cnt, y = 0, r
      for x in range(r):
        # add all the cells below and including that crossed by the circle
        cnt += ceil(y)
        # find the y value at which the circle leaves this column on the right
        y = (r ** 2 - (x + 1) ** 2) ** (1 / 2)
        # subtract all the the cells below that crossed by the circle
        cnt -= floor(y)
      # return value for the whole circle
      return 4 * cnt
    
    # We see from the approach above that each of the r - 1 internal
    # vertical grid lines adds ceil(y) - floor(y) to the count, i.e.
    # 1 unless y is an integer. Since the first column adds r to the
    # count, the overall count will be 2 * r - 1 - x, where x is the
    # number of internal grid lines on which y is integer
    def count_cells2(r):
      cnt = 0
      # count pythagorean triples
      for x in range(1, r):
        y2 = r ** 2 - x ** 2
        cnt += 1 if round(y2 ** (1 / 2)) ** 2 == y2 else 0
      return 4 * (2 * r - 1 - cnt)
    
    fs = 'Circle of radius {:d} is crossed {:d} times.'
    c1 = 0
    for r in range(1, 50):
      c0, c1 = c1, count_cells2(r)
      if c1 < c0:
        print(fs.format(r - 1, c0))
        print(fs.format(r, c1))
    
    • Jim Randell 25 July 2013 at 2:59 pm

      I was thinking about doing an implementation based on Pythagorean triples, but I see you’ve saved me the bother. Nice work!

      • Brian Gladman 25 July 2013 at 3:44 pm

        It is also pretty fast in its simplest form:

        sq = set(x * x for x in range(1, 50))
        def count_cells(r):
          cnt = sum(1 for x in range(1, r) if r * r - x * x in sq)
          return 4 * (2 * r - 1 - cnt)
        c1 = 0
        for r in range(1, 50):
          c0, c1 = c1, count_cells(r)
          if c1 < c0:
            print(c1, 'cells')
        

        I made made real mess of counting crossings in my first (unpublished) attempt so I was relieved to find my first formulation above. But I should have realised earlier that this could be pushed further. And, even then, count_cells2() is not my best effort at producing efficient code either. But it didn’t look too bad until I looked at alternatives – Python is so often counterintuitive when it comes to the time code takes to run.

      • Jim Randell 28 July 2013 at 4:38 pm

        A variation on the theme. I used the Pythagorean triple generator from Enigma 1708 to count the hypotenuses up front, then the definition of cut() becomes very simple.

        from enigma import irange, sqrt, printf
        
        # max radius
        import sys
        R = 49 if len(sys.argv) < 2 else int(sys.argv[1])
        
        # generate pythagorean triples (including non-primitive ones)
        def generate():
          a = 0
          while True:
            a += 2
            n = (a * a) // 2
            s = int(sqrt(n))
            for b in irange(s, 1, step=-1):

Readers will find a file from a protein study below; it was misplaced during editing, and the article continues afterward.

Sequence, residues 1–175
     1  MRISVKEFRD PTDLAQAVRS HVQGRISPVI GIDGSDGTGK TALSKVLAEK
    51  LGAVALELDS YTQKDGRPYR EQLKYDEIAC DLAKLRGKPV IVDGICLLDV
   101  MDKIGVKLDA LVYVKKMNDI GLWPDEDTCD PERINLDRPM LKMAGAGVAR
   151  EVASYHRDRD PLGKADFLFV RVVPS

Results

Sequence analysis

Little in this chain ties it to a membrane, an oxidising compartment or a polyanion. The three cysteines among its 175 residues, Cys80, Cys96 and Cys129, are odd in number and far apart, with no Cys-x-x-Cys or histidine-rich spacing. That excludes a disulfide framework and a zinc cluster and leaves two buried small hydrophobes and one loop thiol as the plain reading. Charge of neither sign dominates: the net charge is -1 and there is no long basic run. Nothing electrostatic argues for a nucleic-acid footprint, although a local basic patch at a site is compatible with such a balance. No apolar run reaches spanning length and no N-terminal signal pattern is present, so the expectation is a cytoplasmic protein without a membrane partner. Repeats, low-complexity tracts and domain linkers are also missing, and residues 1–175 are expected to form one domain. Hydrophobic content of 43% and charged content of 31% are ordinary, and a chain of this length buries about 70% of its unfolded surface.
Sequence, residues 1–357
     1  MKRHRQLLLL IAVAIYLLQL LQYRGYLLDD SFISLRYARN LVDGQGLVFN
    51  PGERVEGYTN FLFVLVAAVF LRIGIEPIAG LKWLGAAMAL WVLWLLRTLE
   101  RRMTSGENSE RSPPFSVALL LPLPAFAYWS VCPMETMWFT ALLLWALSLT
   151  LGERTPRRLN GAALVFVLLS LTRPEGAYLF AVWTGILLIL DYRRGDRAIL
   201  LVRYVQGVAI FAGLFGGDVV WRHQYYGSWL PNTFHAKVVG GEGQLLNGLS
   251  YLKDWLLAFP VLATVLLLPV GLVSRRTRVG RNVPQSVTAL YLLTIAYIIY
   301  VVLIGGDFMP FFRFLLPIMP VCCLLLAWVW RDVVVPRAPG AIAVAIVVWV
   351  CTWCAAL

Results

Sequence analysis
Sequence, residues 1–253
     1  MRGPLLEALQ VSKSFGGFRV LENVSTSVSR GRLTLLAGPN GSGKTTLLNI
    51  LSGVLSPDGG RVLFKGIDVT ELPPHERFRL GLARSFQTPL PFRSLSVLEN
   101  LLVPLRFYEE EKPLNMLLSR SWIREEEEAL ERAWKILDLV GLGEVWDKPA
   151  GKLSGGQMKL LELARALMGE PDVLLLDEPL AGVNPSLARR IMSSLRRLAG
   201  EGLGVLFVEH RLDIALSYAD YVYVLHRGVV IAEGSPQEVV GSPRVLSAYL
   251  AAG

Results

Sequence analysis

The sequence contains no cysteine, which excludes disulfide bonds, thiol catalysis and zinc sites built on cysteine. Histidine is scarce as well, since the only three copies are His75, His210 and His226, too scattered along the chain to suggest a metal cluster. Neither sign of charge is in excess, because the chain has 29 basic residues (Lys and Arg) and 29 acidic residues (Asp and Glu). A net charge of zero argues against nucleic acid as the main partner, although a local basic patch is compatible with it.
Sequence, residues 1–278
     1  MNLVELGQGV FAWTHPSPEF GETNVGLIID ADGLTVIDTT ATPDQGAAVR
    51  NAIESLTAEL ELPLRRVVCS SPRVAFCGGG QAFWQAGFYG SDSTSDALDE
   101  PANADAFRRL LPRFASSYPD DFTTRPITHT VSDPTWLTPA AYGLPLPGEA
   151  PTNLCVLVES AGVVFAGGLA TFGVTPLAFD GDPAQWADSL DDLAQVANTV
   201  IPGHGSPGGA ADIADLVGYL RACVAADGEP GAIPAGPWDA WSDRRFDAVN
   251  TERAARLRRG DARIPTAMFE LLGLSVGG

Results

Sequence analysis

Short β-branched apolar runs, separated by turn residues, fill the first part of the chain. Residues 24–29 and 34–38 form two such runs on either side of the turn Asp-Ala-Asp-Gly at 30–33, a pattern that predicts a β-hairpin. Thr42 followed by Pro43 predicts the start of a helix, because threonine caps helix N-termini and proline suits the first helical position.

(c, r) = divmod(n, b)
              if r > 0: continue
              yield (a + b, a + c, a + b + c)
        
        # count pythagorean hypotenuses up to R (OEIS A046080)
        Ph = [0] * (R + 1)
        for (x, y, h) in generate():
          if x > R: break
          if not(h > R): Ph[h] += 1
        
        # return the numbers of cells cut by a circle of radius r
        def cut(r):
          return 8 * (r - Ph[r]) - 4
        
        # find a radius r where r-1 cuts more cells
        n = 0
        for r in irange(1, R):
          (n, p) = (cut(r), n)
          printf("r={r} n={n} {s}", s=('*** SOLUTION ***' if n < p else ''))
        
  4. ahmet çetinbudaklar 27 July 2013 at 6:40 pm

    Radius runs from 1cm to 49 cm and accordingly each circle cuts a number of 1cmx1cm cells as follows except when certain circles intersect the cell corners at(x,y-y,x):

    Radius(cm)                   Number of cells
                                             (8r-4)
        1                                        4
        2                                       12 
        3                                       20
        4                                       28
        5(3,4-4,3)                         28
        6                                       44
        7                                       52
        8                                       60
        9                                       68     
       10(6,8-8,6)                        68
       11                                      84
       12                                      92
       13(5,12-12,5)                     92
       14                                      108        
       15(9,12-12,9)                     108
       16                                       124 
       17(8,15-15,8)                     124
       18                                       140  
       19                                       148
       20(12,16-16,12)                 148   
       21                                       164
       22                                       172
       23                                       180
       24                                       188
       25(7,24-24,7/15,20-20,15) 180
       26(10,26-26,10)                 196
       27                                       212
       28                                       220
       29(20,21-21,20)                 220,
       30(18,24-24,18)                 228  
       31                                      244
       32                                      252    
       33                                      260
       34(16,30-30,16)                260
       35(21,28-28,21)                268
       36                                      284
       37(12,35)                          284
       38                                     300
       39(15,36)                         300
       40(24,32)                         308                                 
       41(9,40)                           316
       42                                    332
       43                                    340
       44                                    348
       45(29,36-36,29)              348
       46                                    364
       47                                    372
       48                                    380
       49                                    388

    This table gives us the unique solution easily.